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Western Bay of Plenty Council patronizing Maori

Western Bay of Plenty Council patronizing Maori

A decision by the Western Bay of Plenty District Council two days ago to establish one or more Maori wards is patronizing nonsense, Hobson’s Pledge spokesman Don Brash said today.

“What the decision implies is that Maori are somehow not quite capable of being elected to the council on their own merits, and have to have special assistance to make it,” Dr Brash said.

“There are 29 Maori Members of Parliament, only seven of them getting there in Maori electorates,” he said.

“The Deputy Leaders of both the National and Labour parties are Maori, as are the Leader and Deputy Leader of New Zealand First. They got there on their own merit, not because some paternalistic Pakeha gave them a preferred status,” he said.

In a question and answer commentary attached to the announcement of their decision, the Western Bay of Plenty District Council claims, absurdly, that creating Maori wards “helps to counter separatism as it tangibly recognizes the concept of partnership and proportional representation”.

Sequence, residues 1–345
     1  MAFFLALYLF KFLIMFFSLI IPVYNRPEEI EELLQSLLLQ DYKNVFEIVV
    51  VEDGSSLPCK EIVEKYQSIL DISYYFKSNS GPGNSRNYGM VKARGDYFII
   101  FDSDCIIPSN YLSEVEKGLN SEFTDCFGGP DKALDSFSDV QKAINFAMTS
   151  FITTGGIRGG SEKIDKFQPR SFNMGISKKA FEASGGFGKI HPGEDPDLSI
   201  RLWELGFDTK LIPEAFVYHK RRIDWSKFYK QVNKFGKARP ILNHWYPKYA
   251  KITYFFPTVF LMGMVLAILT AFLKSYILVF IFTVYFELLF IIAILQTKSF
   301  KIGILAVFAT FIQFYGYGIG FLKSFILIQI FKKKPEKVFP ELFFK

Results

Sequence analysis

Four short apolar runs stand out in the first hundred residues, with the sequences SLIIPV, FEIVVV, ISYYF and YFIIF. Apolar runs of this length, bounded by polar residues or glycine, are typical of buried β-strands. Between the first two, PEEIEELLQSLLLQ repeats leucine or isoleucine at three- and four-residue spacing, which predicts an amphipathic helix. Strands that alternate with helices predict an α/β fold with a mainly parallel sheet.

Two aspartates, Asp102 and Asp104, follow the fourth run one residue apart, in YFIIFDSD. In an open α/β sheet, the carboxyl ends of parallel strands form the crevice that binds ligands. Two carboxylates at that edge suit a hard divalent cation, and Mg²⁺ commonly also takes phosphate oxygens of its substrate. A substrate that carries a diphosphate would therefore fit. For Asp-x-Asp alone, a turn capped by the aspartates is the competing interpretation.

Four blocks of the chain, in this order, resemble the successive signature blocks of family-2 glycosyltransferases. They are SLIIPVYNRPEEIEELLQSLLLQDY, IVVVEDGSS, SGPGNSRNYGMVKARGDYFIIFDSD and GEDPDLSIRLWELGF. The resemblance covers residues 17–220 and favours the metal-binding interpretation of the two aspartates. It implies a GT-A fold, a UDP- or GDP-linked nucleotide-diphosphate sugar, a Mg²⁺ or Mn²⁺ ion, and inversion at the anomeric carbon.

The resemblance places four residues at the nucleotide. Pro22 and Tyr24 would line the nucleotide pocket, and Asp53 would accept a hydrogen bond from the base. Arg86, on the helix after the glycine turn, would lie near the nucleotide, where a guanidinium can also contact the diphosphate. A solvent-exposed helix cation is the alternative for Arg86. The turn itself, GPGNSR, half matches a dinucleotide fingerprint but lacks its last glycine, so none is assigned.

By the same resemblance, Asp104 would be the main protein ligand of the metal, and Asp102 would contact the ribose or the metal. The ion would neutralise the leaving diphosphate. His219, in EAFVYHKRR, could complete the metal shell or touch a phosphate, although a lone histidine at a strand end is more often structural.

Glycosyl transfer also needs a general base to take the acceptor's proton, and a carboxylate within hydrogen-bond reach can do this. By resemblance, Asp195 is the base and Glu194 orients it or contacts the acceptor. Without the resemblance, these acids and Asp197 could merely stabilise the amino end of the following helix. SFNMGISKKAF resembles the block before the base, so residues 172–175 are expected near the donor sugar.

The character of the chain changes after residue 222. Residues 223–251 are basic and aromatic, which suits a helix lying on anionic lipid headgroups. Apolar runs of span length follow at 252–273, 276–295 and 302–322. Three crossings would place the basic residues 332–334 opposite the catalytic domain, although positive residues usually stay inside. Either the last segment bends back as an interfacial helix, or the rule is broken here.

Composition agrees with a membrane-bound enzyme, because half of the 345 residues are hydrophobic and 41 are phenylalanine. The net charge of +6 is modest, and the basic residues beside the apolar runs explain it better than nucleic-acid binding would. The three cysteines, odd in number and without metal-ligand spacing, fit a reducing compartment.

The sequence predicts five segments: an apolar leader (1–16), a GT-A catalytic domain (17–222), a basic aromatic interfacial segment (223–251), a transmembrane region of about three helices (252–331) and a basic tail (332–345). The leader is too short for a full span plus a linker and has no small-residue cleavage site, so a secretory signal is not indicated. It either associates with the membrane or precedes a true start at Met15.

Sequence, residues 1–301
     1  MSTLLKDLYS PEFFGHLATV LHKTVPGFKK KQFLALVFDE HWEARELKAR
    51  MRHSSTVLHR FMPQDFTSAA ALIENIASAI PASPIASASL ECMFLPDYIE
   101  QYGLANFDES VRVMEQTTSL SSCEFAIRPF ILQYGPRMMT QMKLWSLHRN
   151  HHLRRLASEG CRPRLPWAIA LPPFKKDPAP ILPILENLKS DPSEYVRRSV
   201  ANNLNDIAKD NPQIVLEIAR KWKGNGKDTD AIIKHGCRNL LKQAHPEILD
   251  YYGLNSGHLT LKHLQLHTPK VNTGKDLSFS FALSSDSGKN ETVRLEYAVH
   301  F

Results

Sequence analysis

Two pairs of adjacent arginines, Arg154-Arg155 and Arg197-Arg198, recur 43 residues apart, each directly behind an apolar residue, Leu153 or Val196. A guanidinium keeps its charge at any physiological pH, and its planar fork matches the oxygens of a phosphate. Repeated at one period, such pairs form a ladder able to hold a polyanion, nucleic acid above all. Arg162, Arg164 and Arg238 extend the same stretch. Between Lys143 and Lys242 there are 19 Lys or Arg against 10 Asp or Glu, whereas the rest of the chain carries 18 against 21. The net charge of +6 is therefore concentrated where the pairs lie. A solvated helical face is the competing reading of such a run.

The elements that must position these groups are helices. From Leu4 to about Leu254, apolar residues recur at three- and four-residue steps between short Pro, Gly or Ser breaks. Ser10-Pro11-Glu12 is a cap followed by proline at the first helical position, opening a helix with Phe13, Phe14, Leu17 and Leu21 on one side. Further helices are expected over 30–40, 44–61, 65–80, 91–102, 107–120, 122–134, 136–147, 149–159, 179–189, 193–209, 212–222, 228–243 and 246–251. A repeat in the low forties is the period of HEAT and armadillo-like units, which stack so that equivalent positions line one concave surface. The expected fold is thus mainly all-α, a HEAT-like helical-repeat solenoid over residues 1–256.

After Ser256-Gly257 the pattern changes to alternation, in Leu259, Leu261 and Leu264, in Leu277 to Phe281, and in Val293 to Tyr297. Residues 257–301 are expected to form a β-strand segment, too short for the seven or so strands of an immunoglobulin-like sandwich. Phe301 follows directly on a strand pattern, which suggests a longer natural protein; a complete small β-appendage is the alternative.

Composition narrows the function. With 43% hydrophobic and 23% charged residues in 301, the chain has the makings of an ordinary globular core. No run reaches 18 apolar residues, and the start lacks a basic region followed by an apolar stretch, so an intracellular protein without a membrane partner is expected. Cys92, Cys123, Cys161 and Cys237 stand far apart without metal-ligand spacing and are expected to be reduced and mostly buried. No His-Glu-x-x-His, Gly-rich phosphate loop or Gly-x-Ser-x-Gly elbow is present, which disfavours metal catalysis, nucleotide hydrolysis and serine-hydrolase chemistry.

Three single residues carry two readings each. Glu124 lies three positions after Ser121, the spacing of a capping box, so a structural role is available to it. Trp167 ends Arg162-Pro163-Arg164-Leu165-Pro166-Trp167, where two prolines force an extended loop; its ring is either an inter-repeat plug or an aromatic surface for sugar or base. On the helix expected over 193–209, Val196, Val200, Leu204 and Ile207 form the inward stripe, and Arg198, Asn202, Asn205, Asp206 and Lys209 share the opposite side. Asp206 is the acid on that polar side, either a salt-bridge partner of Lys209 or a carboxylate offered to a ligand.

“On the contrary, by basing voting rights on ethnicity, the Council’s decision directly creates separatism,” Dr Brash said.

Article III of the Treaty of Waitangi guaranteed all New Zealanders equal rights. What the Council has decided is that a racially-based voting system is to be preferred, he said.

Hobson’s Pledge supports a petition for a poll on the Maori wards proposal in the Western Bay of Plenty, and will support similar polls being organised in Whakatane, Palmerston North, and Manawatu.

The round of representation reviews this year required under the Local Electoral Act 2001 means that the Western Bay of Plenty, Whakatane, and Manawatu district councils as well as the Palmerston North City Council have all decided to proceed with such wards.

"This is an important issue. Residents and ratepayers in those four areas are entitled to have a say in such a radical shift in representation arrangements,” Dr Brash said

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